According to the Centers for Disease Control and Prevention (CDC), approximately one-third of high school students in 2019 vaped, and 11% vaped more than 20 days in a month. Although marketed as a safe alternative to smoking cigarettes, youth who vape are more likely to start smoking cigarettes. Nicotine was found in 99% of the vape products sold in one CDC study, including products that claimed to have no nicotine.
The brains of adolescents continue to develop until about age 25 and nicotine can have harmful effects on abilities to learn, control impulse and attention. Vaping aerosols also include dangerous chemicals, such as heavy metals, cancer-causing chemicals, and ultrafine particles that can be inhaled deep into the lungs. Scientists continue to study the long-term impacts of vaping. Youth vaping has also been linked with worse outcomes of COVID-19 infection.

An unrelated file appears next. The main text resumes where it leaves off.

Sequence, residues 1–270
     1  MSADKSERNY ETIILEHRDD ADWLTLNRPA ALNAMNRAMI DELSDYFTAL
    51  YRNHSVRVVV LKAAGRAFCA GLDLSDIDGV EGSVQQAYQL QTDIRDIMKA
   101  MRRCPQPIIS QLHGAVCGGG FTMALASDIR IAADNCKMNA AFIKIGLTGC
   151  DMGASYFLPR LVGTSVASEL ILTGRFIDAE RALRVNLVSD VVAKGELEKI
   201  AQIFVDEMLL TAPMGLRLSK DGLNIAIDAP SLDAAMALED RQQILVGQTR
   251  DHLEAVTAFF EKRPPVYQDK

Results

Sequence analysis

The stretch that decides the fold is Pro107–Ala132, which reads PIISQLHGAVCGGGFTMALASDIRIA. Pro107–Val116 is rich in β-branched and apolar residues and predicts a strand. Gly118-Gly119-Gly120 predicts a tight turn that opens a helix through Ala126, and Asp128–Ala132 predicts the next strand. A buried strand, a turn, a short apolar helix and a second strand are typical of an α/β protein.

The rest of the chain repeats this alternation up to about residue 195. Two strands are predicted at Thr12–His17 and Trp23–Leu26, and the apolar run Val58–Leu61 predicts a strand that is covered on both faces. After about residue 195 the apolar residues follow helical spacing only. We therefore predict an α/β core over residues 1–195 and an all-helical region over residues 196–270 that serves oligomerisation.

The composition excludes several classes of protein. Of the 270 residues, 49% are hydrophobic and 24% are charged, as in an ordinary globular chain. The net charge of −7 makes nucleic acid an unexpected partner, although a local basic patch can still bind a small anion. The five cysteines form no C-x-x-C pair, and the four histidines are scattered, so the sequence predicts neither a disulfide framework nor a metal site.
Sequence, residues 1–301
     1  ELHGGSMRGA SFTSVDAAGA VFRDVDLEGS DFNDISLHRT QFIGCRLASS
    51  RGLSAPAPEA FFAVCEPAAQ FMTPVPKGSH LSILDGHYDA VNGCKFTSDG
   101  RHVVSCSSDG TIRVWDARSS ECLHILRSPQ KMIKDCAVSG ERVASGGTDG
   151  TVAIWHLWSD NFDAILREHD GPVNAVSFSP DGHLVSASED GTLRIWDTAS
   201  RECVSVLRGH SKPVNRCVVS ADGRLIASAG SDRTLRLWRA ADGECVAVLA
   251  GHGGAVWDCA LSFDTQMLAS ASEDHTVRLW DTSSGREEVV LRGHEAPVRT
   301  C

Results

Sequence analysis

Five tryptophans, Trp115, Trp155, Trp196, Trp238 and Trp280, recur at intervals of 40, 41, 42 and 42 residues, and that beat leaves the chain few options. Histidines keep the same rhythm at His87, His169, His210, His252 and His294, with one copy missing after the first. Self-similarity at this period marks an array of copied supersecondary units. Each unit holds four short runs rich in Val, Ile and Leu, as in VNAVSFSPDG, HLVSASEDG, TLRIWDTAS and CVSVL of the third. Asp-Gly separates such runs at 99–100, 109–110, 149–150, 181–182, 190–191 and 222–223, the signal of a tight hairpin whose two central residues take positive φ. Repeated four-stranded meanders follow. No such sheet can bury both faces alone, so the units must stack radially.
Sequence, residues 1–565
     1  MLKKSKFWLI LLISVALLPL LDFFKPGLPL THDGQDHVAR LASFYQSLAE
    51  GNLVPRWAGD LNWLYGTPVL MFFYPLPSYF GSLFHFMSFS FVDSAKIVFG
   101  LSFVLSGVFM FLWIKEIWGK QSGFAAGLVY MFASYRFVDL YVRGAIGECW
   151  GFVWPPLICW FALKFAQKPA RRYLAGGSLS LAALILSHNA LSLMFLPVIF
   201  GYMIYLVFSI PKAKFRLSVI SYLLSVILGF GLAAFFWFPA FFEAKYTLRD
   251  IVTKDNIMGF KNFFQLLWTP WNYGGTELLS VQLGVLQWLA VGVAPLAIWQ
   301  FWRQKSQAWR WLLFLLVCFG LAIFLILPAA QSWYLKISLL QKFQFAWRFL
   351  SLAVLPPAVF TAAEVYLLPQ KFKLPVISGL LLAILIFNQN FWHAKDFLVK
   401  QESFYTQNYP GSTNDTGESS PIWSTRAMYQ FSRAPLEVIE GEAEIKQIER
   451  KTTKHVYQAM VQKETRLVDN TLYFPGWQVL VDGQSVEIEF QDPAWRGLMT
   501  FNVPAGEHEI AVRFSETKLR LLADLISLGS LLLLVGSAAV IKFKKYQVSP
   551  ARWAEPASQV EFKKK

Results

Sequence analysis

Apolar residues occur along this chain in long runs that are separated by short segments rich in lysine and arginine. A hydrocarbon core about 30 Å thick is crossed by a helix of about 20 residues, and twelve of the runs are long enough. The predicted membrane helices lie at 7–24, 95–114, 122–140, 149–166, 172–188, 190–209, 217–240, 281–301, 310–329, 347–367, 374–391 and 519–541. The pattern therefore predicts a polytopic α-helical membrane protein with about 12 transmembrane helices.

Find resources that can help you or someone you know need help to stop vaping: